Sue’s Tech Kitchen is a combination arcade, interactive exhibit and high-tech café aimed at getting kids excited about cutting-edge technology.
On the menu at the pop-up playspace that is setting up in Tacoma later this month: 3D-printed s’mores, candy delivered by drones — and a big helping of education and inspiration about the wonders of technology.
Randi Zuckerberg, a best-selling author and entrepreneur and the sister of Facebook’s Mark Zuckerberg, cooked up the idea for the kitchen — and for Sue, a fictional 12-year-old who loves science and cooking.
Zuckerberg initially planned to write a book about Sue, but then thought better of it, said kitchen co-founder Steve Anderson. She eventually decided it would be more fun to do as an actual hands-on experience, he told The Olympian.
“I thought, ‘What do kids love? How do you engage them?’ ” Zuckerberg told nymetroparents.com last fall, when the kitchen visited New York City. “Well, all kids love snacks and games and play.”
Apparently, grown-ups do, too, as organizers learned at the kitchen’s September test run in Chattanooga, Tennessee.
“We wanted to learn who would want to come to a space like this, and the answer that we got from the test run was: everyone,” Zuckerberg said in a video about the exhibit’s debut. “I can’t tell you how many adults came without children, and they would say that they were interested in learning about tech, and this seemed like a really fun and approachable way to do it.”
Tacoma is one of 10 cities on the current tour, which will continue into the fall. The Broadway Center and the Tacoma-Pierce County Chamber are presenting the Tacoma stop and led a fundraising campaign to pay for reduced ticket prices.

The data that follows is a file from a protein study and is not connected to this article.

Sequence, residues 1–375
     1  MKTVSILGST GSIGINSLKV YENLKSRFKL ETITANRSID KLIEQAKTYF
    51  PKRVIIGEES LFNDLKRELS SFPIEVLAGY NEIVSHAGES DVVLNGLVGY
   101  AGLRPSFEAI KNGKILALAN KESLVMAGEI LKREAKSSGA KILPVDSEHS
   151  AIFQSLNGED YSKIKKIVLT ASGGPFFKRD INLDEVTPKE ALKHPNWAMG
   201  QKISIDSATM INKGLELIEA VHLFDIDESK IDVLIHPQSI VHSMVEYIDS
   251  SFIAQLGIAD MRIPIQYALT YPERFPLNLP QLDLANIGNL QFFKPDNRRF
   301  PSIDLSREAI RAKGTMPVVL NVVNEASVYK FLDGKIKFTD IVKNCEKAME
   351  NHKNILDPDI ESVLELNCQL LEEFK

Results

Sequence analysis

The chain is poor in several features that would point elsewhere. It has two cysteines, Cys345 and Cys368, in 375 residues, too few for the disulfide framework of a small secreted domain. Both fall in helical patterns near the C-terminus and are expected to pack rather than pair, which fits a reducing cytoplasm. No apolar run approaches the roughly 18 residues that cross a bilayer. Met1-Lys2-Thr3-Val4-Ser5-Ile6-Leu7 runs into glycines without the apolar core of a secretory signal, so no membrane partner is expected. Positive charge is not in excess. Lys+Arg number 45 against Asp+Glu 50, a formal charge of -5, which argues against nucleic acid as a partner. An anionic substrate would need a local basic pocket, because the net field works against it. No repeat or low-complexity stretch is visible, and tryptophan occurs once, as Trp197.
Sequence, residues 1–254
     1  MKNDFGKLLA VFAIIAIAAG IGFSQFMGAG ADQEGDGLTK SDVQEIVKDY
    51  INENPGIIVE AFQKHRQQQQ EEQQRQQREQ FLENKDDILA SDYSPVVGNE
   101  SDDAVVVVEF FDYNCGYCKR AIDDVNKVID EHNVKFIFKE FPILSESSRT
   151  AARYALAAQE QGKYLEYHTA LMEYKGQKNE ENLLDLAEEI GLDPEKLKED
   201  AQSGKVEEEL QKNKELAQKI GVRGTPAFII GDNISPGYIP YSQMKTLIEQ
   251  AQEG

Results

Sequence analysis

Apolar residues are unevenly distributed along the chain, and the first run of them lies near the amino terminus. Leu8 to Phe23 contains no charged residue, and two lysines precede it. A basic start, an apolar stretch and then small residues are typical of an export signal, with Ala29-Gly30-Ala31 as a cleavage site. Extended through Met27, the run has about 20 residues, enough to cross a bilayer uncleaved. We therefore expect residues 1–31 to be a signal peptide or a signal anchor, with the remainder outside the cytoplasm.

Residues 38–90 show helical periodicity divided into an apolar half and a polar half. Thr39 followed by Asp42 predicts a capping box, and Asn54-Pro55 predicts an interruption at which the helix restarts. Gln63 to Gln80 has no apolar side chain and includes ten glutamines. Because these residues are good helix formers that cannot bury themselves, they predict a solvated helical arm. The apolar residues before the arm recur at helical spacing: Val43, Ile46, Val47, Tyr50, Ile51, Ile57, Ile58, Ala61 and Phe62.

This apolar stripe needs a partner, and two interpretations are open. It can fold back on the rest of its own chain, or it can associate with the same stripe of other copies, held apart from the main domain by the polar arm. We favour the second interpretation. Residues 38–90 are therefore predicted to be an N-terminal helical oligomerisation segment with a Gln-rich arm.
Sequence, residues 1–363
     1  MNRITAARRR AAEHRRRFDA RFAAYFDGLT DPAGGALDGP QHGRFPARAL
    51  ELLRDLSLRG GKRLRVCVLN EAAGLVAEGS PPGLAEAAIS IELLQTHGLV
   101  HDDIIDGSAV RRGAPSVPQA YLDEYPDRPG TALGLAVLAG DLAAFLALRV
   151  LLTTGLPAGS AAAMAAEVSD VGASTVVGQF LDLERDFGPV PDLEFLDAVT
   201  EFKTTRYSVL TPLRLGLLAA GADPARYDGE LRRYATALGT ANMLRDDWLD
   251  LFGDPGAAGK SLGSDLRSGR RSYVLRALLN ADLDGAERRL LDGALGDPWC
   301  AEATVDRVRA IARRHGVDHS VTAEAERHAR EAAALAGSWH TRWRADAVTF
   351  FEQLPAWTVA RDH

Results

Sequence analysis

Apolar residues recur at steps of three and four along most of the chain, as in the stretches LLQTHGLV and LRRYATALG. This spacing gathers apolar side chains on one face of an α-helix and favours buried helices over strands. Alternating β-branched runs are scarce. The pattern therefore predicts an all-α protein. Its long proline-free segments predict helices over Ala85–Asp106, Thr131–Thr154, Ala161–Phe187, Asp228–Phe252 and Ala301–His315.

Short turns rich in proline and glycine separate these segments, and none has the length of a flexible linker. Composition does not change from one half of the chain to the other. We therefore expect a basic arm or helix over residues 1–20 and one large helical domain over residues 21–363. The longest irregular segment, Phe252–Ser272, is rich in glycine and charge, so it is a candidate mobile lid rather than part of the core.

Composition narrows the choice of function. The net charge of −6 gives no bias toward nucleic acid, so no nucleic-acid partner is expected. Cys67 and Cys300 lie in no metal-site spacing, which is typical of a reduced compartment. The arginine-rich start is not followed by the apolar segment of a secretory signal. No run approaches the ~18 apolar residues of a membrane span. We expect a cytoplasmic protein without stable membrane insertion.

One of the kitchen’s most popular activities puts a new spin on the old adage, “When life gives you lemons, make lemonade.”
“Our ‘Taste Hacking’ module, where guests ‘hack’ their taste buds to make lemons taste like lemonade, seems to be a favorite,” Anderson said.
Another talked-about treat are those s’mores, with chocolate designs applied by a food printer.
“Adults often enjoy learning about the food printers,” he said. “We have a lot of fun, creative discussions about how they might use them in their own kitchens one day.”
The playspace, to be set up at the Tacoma Armory, will offer about a dozen activities at a time, “and almost all of them include an edible component,” he said. (The Sue’s Tech Kitchen website reveals that the treats are not made with nuts or shellfish and are mostly dairy free. There’s no mention of gluten-free options.)
While they’re munching — and learning about science, technology, engineering and math — visitors won’t be glued to screens.
“The first thing one notices is that although this place is loaded with technological activities, there is not a screen in sight,” wrote nyparents.com’s Bethany Braun-Silva, who visited the kitchen last fall in New York City. Zuckerberg has said that was her intention.
Zuckerberg, who spent a lot of time being the only woman in the room when she worked in Silicon Valley, also intended to attract girls to STEM fields.
“Naming the pop up Sue’s Tech Kitchen was a very purposeful choice,” she told nymetroparents.com. “There is nothing traditionally girly about the space. … It’s meant to be a fun space for boys and girls alike. But it was really important for me to have a girl’s name on a marquee so that somewhere in that third grade girl’s psychology, when she’s thinking about turning away from science, she will say her to herself that she went to Sue’s Tech Kitchen and girls can actually do all of that.”
Sue’s Tech Kitchen
This pop-up playspace aims to get kids excited about science, technology, engineering and math — and adults have been flocking to it, too.
When: 11 a.m.-7 p.m. Aug. 24-26, with last entrance at 5 p.m.; adults-only launch party at 6 p.m. Aug. 23
Where: Tacoma Armory, 1001 S. Yakima Ave., Tacoma
Tickets: $15 general admission, $7 for youths, $50 for the 21-and-older launch party